Red Hot + Riot: The Music + Spirit Of Fela Kuti

2002
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  • Fela Mentality [Intro] Fela Kuti
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  • Kalakuta Show Mixmaster Mike, Gift of Gab, and Lateef
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  • Live At Kalakuta [Interlude] Fela Kuti
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  • Shuffering + Shmiling Dead Prez, Talib Kweli, Jorge Ben, and Bilal
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  • Gimme Shit [Interlude] Mixmaster Mike
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  • Water No Get Enemy [Intro] Mixmaster Mike
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  • Water No Get Enemy D'Angelo, Femi Kuti, Macy Gray, and the Soultronics (featuring Nile Rodgers and Roy Hargrove)
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  • Gentleman Me'Shell NdegéOcello and Yerba Buena (featuring Ron Blake)
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  • Tears + Sorrow Common and Djelimady Tounkara
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  • Shakara_Lady, Pt. 1 Common and Djelimady Tounkara
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  • Shakara_Lady, Pt. 2 Cheikh Lô, Les Nubians, and Manu Dibango
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  • Don't Worry About My Mouth-O [Interlude] Fela Kuti
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  • Zombie, Pt. 1 Bugz in the Attic (featuring Wunmi)
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  • Zombie, Pt. 2 Nile Rodgers and Roy Hargrove
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  • No Agreement Res, Tony Allen, Ray Lema, Baaba Maal, Positive Black Soul, and Archie Shepp
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  • So Be It Kelis
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  • This Is An Ashanti Proverb [Interlude] Fela Kuti
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  • By Your Side (Cottonbelly's Fola Mix) [Edit] Sade (Cottonbelly Remix)
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  • Colonial Mentality Yerba Buena
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  • Trouble Sleep Yanga Wake Am Baaba Maal and Taj Mahal (featuring Kaouding Cissoko and Antibalas)
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OVERVIEW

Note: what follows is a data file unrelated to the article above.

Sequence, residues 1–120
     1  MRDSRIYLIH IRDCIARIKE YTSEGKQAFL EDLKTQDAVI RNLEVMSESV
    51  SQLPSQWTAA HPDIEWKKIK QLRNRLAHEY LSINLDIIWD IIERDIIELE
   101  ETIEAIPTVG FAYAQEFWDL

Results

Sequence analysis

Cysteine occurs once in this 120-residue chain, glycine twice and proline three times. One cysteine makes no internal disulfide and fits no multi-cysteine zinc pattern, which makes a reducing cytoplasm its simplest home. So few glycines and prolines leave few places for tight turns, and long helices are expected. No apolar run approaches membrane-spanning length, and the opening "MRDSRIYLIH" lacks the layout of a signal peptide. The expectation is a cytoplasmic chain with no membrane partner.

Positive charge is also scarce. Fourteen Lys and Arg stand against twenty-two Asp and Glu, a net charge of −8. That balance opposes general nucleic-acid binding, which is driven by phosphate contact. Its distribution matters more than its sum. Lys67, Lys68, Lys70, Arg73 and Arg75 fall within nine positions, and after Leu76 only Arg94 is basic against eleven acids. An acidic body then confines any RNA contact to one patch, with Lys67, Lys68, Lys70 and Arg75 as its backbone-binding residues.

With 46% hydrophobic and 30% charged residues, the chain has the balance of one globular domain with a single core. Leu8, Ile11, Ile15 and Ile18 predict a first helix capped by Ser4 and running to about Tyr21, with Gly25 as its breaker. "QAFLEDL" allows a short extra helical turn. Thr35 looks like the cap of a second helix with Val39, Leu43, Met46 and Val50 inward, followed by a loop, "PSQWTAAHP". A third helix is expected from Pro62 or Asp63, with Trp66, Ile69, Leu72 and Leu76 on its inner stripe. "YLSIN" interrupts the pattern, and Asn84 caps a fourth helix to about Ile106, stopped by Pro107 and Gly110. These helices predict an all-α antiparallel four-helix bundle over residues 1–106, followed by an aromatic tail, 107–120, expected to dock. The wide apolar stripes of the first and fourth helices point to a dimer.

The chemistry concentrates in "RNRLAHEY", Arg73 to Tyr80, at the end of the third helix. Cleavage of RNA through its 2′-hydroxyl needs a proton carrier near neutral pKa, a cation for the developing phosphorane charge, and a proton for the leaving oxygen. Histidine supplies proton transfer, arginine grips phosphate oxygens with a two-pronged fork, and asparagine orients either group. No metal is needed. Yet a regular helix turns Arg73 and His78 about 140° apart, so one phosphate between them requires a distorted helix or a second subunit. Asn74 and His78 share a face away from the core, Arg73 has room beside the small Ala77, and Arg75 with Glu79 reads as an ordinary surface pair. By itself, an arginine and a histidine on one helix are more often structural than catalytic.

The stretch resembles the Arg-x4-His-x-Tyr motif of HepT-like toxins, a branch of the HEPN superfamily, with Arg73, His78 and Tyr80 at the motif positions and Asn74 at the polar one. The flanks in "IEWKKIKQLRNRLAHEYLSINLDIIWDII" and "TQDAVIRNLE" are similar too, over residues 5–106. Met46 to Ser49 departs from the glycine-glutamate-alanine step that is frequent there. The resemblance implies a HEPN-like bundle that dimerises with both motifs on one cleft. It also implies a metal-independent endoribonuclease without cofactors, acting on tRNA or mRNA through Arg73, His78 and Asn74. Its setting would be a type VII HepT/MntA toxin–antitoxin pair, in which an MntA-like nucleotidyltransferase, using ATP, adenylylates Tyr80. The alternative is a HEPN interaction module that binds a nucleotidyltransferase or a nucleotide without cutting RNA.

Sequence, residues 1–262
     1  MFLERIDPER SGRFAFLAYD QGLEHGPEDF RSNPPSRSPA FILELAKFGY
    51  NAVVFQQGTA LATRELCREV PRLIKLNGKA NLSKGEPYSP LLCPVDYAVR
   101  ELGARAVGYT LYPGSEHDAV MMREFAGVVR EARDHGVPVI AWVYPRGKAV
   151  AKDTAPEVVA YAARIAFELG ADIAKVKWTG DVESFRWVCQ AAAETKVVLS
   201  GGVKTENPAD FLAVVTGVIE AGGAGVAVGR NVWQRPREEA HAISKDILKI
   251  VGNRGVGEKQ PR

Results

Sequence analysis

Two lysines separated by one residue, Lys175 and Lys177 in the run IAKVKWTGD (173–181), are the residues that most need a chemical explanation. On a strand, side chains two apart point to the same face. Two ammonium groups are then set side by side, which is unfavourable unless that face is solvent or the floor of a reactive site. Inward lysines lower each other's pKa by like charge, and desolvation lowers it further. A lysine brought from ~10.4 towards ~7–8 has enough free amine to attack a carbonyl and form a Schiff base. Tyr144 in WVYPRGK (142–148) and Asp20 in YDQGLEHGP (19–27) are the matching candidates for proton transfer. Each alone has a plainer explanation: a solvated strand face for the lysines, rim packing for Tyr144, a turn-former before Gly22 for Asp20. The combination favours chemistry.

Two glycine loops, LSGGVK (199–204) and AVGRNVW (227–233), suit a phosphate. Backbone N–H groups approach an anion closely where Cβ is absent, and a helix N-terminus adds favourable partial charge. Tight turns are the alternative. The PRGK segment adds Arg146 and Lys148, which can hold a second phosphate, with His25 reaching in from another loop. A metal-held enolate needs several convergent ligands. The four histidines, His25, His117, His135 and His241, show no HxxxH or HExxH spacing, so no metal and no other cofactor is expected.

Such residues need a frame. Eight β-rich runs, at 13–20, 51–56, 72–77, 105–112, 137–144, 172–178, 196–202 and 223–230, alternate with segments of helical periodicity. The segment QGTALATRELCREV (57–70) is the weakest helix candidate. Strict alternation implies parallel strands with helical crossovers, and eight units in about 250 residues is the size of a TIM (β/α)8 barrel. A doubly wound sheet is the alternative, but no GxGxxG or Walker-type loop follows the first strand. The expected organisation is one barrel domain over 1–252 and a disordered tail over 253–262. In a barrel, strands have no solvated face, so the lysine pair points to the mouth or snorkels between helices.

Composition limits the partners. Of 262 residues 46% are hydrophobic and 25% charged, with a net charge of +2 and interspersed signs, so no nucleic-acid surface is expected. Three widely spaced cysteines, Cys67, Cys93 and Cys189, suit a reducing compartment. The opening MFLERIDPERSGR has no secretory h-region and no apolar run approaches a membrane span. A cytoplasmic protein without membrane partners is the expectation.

During the sessions for Rhapsody and Indigo, Questlove suggested that Red Hot do a tribute to Sly Stone. It seemed like a great idea, but we couldn’t clear his publishing and get the album started. Instead, Red Hot suggested doing an album dedicated to Fela Kuti, the great Nigerian musician and activist who died of AIDS-related causes in 1997.  The musicians family agreed to the project and his son, Femi Kuti became directly involved; recording “Water Get No Enemy” with Questlove, D’Angelo at an all star session that also included Nile Rodgers and Macy Gray.

That session was recorded at Electric Ladyland, but the heart of the album was created in a studio run by Andres Levin called Fun Machine in the offices of Funny Garbage, the digital design company started by John Carlin, who also co-founded and ran Red Hot. This allowed for a great deal of experimentation, collaboration and layering, which helped make the project one of Jon Pareles’ picks for album of year in the New York Times.

The artists and groups heard here, nearly 40 all told, cover the musical spectrum: hip-hop (Dead Prez, Talib Kweli, Roots), jazz (Roy Hargrove, Archie Shepp); soul (Sade, D’Angelo), Afrobeat (Tony Allen, Femi Kuti), world music (Babba Mahl, Jorge Ben), electronic music (Mixmaster Mike, Money Mark) and dance (Nile Rodgers).

Red Hot also created, in conjunction with Funny Garbage, one of the first online documentaries, Red Hot + Africa, which included footage shot in Nigeria and South Africa dealing directly with the issues surrounding HIV/AIDS.

Red Hot + Riot Live!

In 2006 a live concert was held at BAM’s Howard Gilman Opera House. With musical direction by Andres Levin, it was not only two nights of great music, but two nights for a vital cause. A portion of proceeds went to the African Services Committee, an organization which promotes the health and self-sufficiency of New York City’s African and Caribbean immigrant communities through the provision of HIV/AIDS care and support services.

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PRESS

ny times

Presented on World AIDS Day, Friday’s concert was a reunion for many of the musicians who appeared on “Red Hot & Riot,” a 2002 anti-AIDS benefit album. (Mr. Kuti died of H.I.V.-related illness.)

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all music

Good records work; great records have an organic unity. By their nature, tributes can rarely be more than good records, but somehow Red Hot + Riot manages to transcend that. In part it’s because it moves into uncharted territory, mixing African and African-American artists in ways that haven’t happened before.

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spin

It’s a much sweeter irony that the Red Hot Organization, which pioneered the concept of all-star tribute-albums that don’t suck, assembled this lively, independent-minded Fela tribute to fight AIDS in Africa.

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CREDITS

Executive Producer:
John Carlin
Produced by:
Andres Levin, Paul Heck and John Carlin